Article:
Slow Cooker Bread Butter Pudding with Gula Melaka

slow cooker bread butter pudding
Slow cooker bread butter pudding with gula Melaka – moist and delicious!

Bread butter pudding is a popular dessert in many Malaysian homes, and for very good reason – it’s easy to make, appeals to the young and old, and makes use of that pesky slices of stale bread no one wants to eat anymore. All you need is some bread, raisins, and some freshly made custard. Then just sit back while the oven takes care of the rest. Oven-baked bread butter pudding is pretty good, what with the crust and all. But have you ever tried making slow cooker bread butter pudding? Our minds were blown when we made some in the Kitchen Lab. Crispy edges, deliciously moist everything else? We don’t know if we can have bread butter pudding made any other way now!

Slow cookers work by retaining moisture – making them excellent for dishes like soups, porridge, curries and anything else that doesn’t require liquid to evaporate. And they’re pretty good for making moist cakes too, like our Slow Cooker Gula Melaka Chocolate Cake recipe that’s so good we kind of wouldn’t mind a slice of some right now. Recipes that call for moisture like bread butter pudding is perfect for making in the slow cooker as well. Commonly served with cream or extra custard on the side to make up for the pudding drying in the oven, slow cooker bread butter pudding is so incredibly moist there’s no need to serve it with extra cream on the side at all. It was mouthful after mouthful of pure comfort, and we wouldn’t have it any other way.

But first, a history lesson

Despite being a popular dessert in Malaysia, bread butter pudding is not a local invention. It’s actually considered a British cuisine, which makes sense what with colonialism introducing British food to Malaysian shores. The earliest recorded published recipe for bread butter pudding is in 1728 by Eliza Smith…. Just ten years shy of 300 years! That is an impressive number of years for this humble and unassuming pudding.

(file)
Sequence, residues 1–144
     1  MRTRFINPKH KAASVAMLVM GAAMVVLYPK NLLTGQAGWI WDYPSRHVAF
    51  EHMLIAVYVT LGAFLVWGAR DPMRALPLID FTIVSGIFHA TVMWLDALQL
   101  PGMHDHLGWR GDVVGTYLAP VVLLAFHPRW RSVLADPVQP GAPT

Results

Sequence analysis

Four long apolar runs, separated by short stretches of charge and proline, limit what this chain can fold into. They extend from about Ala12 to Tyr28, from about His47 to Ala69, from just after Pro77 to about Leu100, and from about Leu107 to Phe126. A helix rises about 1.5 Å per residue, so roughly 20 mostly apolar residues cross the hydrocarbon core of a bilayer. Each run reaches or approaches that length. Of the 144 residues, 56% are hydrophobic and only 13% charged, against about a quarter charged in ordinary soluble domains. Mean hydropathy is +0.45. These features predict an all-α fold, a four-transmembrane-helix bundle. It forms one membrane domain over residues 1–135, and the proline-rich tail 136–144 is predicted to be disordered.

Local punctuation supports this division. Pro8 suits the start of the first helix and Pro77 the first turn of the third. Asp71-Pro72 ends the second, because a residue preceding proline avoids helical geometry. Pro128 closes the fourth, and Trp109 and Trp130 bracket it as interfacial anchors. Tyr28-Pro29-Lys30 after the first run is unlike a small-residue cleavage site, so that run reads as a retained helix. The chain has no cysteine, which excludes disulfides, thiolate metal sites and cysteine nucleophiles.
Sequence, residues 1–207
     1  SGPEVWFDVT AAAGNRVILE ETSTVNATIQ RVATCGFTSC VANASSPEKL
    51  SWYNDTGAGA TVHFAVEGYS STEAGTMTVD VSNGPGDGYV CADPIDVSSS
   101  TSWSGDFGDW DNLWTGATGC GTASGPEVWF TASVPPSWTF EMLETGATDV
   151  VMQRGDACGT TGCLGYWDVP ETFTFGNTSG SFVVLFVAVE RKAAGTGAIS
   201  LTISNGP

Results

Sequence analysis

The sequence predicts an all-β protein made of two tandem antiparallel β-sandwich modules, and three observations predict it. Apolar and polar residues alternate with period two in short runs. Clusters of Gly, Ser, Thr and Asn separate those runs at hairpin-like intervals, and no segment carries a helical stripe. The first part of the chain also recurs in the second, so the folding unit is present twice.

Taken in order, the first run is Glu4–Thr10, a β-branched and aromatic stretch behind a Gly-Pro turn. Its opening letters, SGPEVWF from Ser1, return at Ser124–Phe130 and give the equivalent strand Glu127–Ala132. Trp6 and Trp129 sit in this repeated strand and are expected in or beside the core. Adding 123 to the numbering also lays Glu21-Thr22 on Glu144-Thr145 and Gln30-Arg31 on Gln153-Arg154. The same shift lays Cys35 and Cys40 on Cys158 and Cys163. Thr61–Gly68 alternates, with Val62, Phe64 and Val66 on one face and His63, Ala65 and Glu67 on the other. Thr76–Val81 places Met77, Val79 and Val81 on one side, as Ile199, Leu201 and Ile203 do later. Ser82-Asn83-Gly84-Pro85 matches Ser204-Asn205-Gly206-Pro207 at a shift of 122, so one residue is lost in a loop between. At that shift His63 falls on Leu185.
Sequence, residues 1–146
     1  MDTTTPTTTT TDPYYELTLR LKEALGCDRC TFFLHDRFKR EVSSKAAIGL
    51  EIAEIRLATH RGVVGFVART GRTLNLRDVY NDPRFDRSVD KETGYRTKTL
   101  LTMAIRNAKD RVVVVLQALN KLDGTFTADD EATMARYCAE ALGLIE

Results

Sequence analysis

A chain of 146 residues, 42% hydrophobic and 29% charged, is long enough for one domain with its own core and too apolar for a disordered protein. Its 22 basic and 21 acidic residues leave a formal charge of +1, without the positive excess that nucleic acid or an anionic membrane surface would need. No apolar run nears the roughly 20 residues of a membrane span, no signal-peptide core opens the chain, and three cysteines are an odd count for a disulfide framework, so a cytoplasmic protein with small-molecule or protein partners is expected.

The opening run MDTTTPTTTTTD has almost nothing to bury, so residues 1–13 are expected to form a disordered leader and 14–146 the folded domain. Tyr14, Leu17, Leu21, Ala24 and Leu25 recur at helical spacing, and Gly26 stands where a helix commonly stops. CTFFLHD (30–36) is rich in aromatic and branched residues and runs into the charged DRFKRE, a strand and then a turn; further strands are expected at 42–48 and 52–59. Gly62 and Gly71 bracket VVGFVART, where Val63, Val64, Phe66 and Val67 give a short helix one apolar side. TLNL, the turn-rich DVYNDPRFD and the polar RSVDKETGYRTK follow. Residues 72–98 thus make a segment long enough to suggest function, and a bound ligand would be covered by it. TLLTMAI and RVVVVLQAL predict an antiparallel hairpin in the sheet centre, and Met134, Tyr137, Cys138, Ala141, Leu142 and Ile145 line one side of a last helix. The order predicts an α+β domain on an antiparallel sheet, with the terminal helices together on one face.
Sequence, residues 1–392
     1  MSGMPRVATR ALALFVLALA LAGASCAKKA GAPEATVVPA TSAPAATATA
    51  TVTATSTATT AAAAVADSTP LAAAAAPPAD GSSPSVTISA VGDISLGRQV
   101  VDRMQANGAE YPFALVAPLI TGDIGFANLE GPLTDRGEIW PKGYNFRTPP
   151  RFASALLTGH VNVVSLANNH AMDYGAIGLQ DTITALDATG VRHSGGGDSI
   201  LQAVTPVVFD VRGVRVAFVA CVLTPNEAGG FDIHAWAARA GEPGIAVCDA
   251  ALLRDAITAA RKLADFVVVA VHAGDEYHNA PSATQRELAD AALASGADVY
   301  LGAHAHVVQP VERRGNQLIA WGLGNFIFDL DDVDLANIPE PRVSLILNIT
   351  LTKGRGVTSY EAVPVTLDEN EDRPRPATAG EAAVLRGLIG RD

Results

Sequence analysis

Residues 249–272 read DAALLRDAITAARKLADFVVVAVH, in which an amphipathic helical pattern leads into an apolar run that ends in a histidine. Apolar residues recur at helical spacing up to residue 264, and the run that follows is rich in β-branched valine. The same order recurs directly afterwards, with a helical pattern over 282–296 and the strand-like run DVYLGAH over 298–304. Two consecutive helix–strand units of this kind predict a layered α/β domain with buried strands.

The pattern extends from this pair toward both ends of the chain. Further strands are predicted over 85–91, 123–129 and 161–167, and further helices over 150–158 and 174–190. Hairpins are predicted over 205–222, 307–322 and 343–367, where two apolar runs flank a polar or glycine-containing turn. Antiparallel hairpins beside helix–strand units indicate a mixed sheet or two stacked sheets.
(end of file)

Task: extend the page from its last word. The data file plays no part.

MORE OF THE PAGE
The basic recipe hasn’t changed all that much since then, although modern varieties may also include an assortment of nuts and other raisin-type dried fruits. We’ve kept our recipe classic, but it wouldn’t be the Butterkicap way of doing things if we didn’t localize it a little bit. And so we took out white sugar and replaced it with the much more flavourful, wholesome and local gula Melaka. The result was delicious –  moist slow cooker bread butter pudding with a hint of sweet caramel that complements but doesn’t overwhelm the entire dessert. We’re pretty sure you’re going to like the local twist we introduced to this recipe.

Let’s bring out the slow cooker and get cracking.


  • 250g (8 slices) white bread
  • 75g (2/3 cup) raisins

For the batter

  • 42g (1/4 cup + 2 tbsp) packed grated coconut sugar (gula Melaka)
  • 4g (1 tsp) vanilla essence
  • ¼ tsp nutmeg powder
  • ¼ tsp cinnamon powder
  • 55g (1/4 cup) butter, melted
  • 180ml (3/4 cup) cream
  • 360ml (1 ½ cup) milk
  • 1/2 tsp salt
  • 4 eggs

Making slow cooker bread butter pudding

  1. Layer bread and raisins inside your slow cooker pot, tearing the bread in half if necessary to fill in any gaps. It doesn’t have to look perfect.
Layer bread and raisins inside slow cooker pot
  1. Add all batter ingredients to separate bowl.
Combine all batter ingredients together in a whisking bowl
  1. Whisk the batter ingredients until smooth, making sure there are no remaining lumps.
Whisk until smooth
  1. Pour batter into the slow cooker pot, making sure to pour it over as much of the bread surface as possible.
Pour batter all over the bread
  1. Using a long spoon, gently push the bread into the batter to make sure all the bread slices have soaked up the batter liquid and is not floating. Do not press down too hard as you do not want to flatten the bread.
Make sure the bread is all soaked through
  1. Select the ‘bake’ setting on your slow cooker with the timer set for 50 minutes. Now go watch that Netflix episode, have a shower, pick up your kid from school, etc, while the slow cooker takes care of your slow cooker bread butter pudding.